Wedding Planning for LGBTQ+ Brides: Inclusivity and Tips

After the Supreme Court ruling on marriage equality, many businesses are taking steps to make sure they are inclusive. This includes changing outdated wedding terminology, asking for preferred pronouns on RSVP cards and more.

But not all vendors are equal. There are some that have a long way to go in making their services more LGBTQ-friendly.

1. Ask Your Vendors

After the Supreme Court ruling on marriage equality in every state, it’s no secret that same-sex weddings are a big business opportunity for the wedding industry. Whether it’s a venue, florist or DJ, every vendor needs to be aware of how they can accommodate same-sex couples. Luckily, there are many ways that businesses can be LGBTQ-friendly without sacrificing their professionalism.

Aside from making sure all of their work is gender-neutral, you’ll also want to ensure that any vendors you’re considering have a good vibe with gay and lesbian clients. “I’d suggest looking for a vendor that has experience working with LGBTQ+ couples and is open to their specific wants and needs,” Palladino said. Similarly, Savage points out that it’s important to vet potential wedding planners and other vendors to make sure they haven’t been known to ask obnoxious questions or treat LGBTQ+ couples poorly.

Specifically, she points to overtly religious messaging on a vendor’s website or social media as a red flag for LGBT couples. “Overtly religious statements can put off people who don’t believe in the same thing, and that’s not fair,” she says.

Other potential red flags include a venue that only has one aisle for brides or grooms to walk down, which isn’t a great fit for same-sex couples. Instead, consider a ceremony circle or two aisles where the couple can mingle with guests as they find their seats to start the ceremony.

2. Don’t Be Afraid to Ask

If you want to be inclusive of all LGBTQ+ couples, it’s important to ask. There are a lot of traditions in weddings that fall under the categories of “gender binaries.” These can feel very uncomfortable for couples who identify outside these binary structures and often lead to feelings of exclusion.

One easy way to determine if a vendor is inclusive is to look at their social media and website. Do they show a variety of couples? Do they use inclusive language on their contact page and in their contracts? Are they avoiding dated terms like “bride” and “groom”?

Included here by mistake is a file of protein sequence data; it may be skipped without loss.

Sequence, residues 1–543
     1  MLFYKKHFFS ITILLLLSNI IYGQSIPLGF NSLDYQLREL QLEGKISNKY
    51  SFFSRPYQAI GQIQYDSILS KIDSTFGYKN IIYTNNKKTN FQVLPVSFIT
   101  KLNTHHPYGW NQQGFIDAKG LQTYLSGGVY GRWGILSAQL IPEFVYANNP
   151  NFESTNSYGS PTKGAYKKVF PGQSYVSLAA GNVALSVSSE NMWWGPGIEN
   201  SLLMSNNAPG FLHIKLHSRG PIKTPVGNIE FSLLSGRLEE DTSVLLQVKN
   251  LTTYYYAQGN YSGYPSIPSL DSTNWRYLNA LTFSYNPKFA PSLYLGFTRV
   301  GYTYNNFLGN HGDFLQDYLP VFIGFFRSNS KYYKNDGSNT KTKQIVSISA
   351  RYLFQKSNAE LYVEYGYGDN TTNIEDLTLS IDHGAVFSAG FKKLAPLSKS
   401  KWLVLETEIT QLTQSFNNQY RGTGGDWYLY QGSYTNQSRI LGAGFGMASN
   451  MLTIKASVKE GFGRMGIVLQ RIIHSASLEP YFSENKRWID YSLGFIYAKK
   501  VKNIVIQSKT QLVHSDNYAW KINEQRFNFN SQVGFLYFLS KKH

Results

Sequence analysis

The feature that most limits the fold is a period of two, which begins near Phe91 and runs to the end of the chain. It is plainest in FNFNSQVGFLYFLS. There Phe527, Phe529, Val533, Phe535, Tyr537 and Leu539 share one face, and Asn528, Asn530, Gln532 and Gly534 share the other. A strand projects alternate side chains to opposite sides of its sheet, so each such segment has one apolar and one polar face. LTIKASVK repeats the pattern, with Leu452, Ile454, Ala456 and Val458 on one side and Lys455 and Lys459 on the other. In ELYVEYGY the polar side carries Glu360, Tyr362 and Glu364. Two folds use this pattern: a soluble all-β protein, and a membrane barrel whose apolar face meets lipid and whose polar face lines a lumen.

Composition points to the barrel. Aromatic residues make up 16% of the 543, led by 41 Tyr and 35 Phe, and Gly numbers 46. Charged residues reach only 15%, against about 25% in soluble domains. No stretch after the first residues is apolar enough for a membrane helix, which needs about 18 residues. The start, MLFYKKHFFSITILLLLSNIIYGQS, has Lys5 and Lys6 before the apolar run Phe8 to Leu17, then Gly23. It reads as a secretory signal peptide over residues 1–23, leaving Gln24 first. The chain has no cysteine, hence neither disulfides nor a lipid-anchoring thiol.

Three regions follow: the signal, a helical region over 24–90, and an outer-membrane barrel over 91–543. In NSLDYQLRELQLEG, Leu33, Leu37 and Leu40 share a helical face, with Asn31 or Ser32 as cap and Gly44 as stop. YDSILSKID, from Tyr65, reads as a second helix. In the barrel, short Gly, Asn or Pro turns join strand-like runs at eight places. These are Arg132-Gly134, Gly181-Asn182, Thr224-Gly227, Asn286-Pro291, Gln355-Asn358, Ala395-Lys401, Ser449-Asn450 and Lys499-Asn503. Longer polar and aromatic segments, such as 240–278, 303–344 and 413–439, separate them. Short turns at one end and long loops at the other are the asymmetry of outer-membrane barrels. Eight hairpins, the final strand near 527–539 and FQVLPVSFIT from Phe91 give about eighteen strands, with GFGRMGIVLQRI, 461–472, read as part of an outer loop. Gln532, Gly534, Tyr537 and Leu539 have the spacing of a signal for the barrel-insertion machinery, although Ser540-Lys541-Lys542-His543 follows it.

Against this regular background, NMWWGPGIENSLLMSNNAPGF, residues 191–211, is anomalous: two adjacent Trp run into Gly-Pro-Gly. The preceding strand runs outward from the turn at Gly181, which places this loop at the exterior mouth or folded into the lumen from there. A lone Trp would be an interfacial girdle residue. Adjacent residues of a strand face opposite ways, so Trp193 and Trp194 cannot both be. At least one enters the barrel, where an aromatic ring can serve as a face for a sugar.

Similarly, when choosing your wedding ceremony site or venue, consider the ways you can make it more inclusive. For example, instead of using the traditional straight-row seating arrangement, use a circular pattern so that everyone can be equally visible. Additionally, think about your ceremony vows and how you can personalize them to include your relationship’s unique story.

Lastly, make sure that you avoid gendered language and terminology in your wedding photos. It is not only offensive but it also encourages the erasure of identities. Use words and pronouns that are more inclusive, such as he/him, she/her, they/them, etc. This is especially important in your marketing material and in your online presence.

3. Ask for Gender Pronouns

A big part of inclusivity is respecting pronouns. Whether it is bride, groom, they/them, spouse, partner or whatever else is appropriate, asking for a client’s preferred pronouns and using them in all communication will help everyone feel safe and welcome at their wedding.

This is a great thing to include on all your inquiry forms and to start doing whenever you talk to clients. It will make it much easier to cater your work for LGBTQ+ couples, but also for cis-heterosexual clients as well.

It is also important to avoid gendered terminology when talking about the couple’s friends and family. For example, instead of saying “the bride’s maids” or “the groom’s men”, try to use words such as mates, sisters and brothers, or best friends. This will make it easier to include non-binary or asexual people in the wedding party.

Another way you can be inclusive is by not following gendered traditions like giving the bride away or having the groom stand on a specific side of the aisle. This can be replaced with a friend or family member who can escort the couple down the aisle or simply by proceeding hand-in-hand.